TERRE HAUTE —
Terre Haute’s special economic development taxing districts, known as TIF districts, are in good financial shape, according to a report given Wednesday to the city’s five-member Redevelopment Commission.
Jason Semler of H. J. Umbaugh & Associations, an Indianapolis consulting and accounting firm, told the commissioners each of the city’s “tax increment finance districts” are generating enough new property taxes to cover outstanding debt.
The districts include the downtown TIF district, the Fort Harrison Industrial Park, the east-side Indiana 46 TIF and a small TIF established for Jadcore, a Terre Haute manufacturer.
The downtown and Indiana 46 TIF districts are the most active, with current or future construction in the works. Often, TIF districts help companies and developers receive loans with the agreement the loans will be at least partially repaid using new property taxes generated by the new projects.
TIF districts are “one of the few really good tools that second class cities have to work on infrastructure projects and the like,” said Cliff Lambert, executive director of the Department of Redevelopment, which manages the city’s TIF districts.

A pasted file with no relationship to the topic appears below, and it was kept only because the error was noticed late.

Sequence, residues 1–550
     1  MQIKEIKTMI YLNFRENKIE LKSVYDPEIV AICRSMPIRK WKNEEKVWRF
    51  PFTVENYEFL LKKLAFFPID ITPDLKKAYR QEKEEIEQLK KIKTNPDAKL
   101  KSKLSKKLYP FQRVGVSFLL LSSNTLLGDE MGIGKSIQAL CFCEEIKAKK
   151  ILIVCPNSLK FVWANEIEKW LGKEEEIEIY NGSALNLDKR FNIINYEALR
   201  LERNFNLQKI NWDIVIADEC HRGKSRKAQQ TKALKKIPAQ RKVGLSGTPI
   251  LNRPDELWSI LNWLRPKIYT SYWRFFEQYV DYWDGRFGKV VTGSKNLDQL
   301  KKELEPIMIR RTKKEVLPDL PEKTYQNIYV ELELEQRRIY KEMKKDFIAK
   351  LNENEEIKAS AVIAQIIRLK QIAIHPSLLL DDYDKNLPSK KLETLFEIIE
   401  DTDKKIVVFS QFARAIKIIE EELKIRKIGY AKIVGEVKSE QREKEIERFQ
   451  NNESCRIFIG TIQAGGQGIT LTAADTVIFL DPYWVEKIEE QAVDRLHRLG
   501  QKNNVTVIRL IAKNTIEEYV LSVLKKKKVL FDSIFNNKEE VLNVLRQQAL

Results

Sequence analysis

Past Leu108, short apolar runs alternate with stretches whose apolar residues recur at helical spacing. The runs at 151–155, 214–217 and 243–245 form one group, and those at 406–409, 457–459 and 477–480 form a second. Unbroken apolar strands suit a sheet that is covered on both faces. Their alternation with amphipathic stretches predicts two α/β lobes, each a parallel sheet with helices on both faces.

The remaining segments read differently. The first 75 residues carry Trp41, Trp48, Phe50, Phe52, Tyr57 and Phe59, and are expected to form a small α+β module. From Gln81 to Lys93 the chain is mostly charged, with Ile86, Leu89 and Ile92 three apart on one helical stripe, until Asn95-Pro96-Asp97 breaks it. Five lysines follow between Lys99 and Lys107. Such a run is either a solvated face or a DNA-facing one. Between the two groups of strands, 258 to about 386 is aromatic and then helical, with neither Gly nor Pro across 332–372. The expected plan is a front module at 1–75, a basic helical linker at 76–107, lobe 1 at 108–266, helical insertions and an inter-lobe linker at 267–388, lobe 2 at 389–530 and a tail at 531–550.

New debt and TIF financing is expected to be used to help Indiana State University and Thompson Thrift, a local development company, build new housing for hundreds of ISU students on Wabash Avenue downtown.
About 75 percent of new property taxes generated by that project will be used to pay down debt, Semler said. The remaining 25 percent is expect to be available for the Redevelopment Commission to use for other projects, he said.
Critics of TIF districts believe they, by keeping new property taxes locked up within a specific geographic area, make taxes higher for other property tax payers. Supporters of TIF districts believe they encourage development that would otherwise not take place.
Other downtown projects assisted by TIF districts include Thompson Thrift’s 925 Wabash office building, the Hilton Garden Inn and Candlewood Suits hotels and the Cherry Street parking garage/bus station facility.
n The Redevelopment commissioners also learned Wednesday that the city has received additional funding from the State of Indiana to construct four new homes on the city’s near-east side. The department has already used state and federal funding to build 35 new homes in the area. The housing, which is done in partnership with not-for-profit groups, is designed for low- or moderate income families, said Phil Kesner, a redevelopment specialist for the Department of Redevelopment.
Reporter Arthur Foulkes can be reached at 812-231-4232 or firstname.lastname@example.org